There is a new threat to the Florida Everglades are if something is not done soon, most of the trees of the Everglades will cease to exist. Everything from climate change to polluted waters, to pythons, there’s seems to always be something threatening the beauty and ecological balance of the Everglades ecosystem. The latest threat is a fungus, and it’s killing trees at an amazing rate.
“Laurel Wilt is one of the most devastating tree diseases we’ve seen, it’s incredibly fast moving,” said Jason Smith, a University of Florida scientist who is studying the scourge. “It kills trees within a couple of weeks, and within three to four years, all the trees larger than three inches in diameter are dead in a forest."
It is estimated that this rare invasive fungus, native to Asia, has already killed over 500,000 trees since 2002. The fungus is actually the byproduct of an Asian beetle. Once infected, trees are usually dead within three weeks of infection! The menacing beetle is named the ambrosia beetle, Xyleborus glabratus.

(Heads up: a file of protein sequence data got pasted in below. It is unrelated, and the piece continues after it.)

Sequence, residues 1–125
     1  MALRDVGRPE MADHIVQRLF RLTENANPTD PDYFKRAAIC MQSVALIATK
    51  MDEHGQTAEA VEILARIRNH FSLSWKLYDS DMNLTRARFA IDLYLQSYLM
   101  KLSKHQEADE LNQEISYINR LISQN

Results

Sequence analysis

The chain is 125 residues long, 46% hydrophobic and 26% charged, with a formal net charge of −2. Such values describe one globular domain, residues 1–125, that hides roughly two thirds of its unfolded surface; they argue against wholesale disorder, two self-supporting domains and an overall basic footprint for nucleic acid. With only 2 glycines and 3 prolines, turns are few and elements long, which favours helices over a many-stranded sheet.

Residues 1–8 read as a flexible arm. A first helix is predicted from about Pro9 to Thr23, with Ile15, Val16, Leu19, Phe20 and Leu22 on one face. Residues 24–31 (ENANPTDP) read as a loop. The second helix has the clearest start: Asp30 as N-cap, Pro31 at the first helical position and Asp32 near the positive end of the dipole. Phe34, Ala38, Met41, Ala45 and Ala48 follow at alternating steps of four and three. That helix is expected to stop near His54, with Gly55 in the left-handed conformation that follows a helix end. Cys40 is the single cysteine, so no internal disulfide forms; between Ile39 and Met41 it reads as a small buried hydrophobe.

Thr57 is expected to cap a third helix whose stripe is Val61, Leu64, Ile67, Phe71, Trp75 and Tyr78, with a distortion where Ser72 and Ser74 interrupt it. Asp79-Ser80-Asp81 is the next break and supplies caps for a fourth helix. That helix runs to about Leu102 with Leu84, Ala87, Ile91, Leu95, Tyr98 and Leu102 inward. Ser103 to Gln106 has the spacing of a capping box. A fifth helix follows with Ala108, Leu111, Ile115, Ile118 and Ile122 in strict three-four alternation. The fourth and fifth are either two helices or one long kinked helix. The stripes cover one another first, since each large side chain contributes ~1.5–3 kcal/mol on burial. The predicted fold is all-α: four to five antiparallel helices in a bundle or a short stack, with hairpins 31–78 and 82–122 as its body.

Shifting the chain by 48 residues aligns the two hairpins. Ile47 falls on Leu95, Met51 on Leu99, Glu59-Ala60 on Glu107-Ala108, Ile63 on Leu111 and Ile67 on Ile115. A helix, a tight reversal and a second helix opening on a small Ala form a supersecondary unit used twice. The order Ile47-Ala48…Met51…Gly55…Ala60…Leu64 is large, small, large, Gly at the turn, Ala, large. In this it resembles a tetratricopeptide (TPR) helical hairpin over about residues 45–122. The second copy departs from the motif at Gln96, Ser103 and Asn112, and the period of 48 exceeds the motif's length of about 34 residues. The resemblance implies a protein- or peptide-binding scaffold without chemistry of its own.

Beginning in 2003, scientists began receiving reports of dying red bay trees (Persea borbonia ) in coastal areas of Georgia and South Carolina (J. Johnson, Georgia Forestry Commission, pers. comm. 4 April 2005), then in northeast Florida (J. Foltz, University of Florida, pers. comm. November 2005). The cause was determined to be a previously unknown fungus, Raffaelea lauricola) transported (vectored) by a recently introduced ambrosia beetle from Asia, Xyleborus glabratus (Fraedrich et al. 2008). The beetle had first been detected in the United States in 2002 near Savannah, Georgia (Rabaglia et al. 2006).
The disease has since spread rapidly. It now is found in 8 states, reaching from eastern North Carolina south along most of the Florida peninsula; and several locations in Alabama and Mississippi (Mayfield et al. 2013; Riggins et al. 2010); with isolated outbreaks in Louisiana and Texas.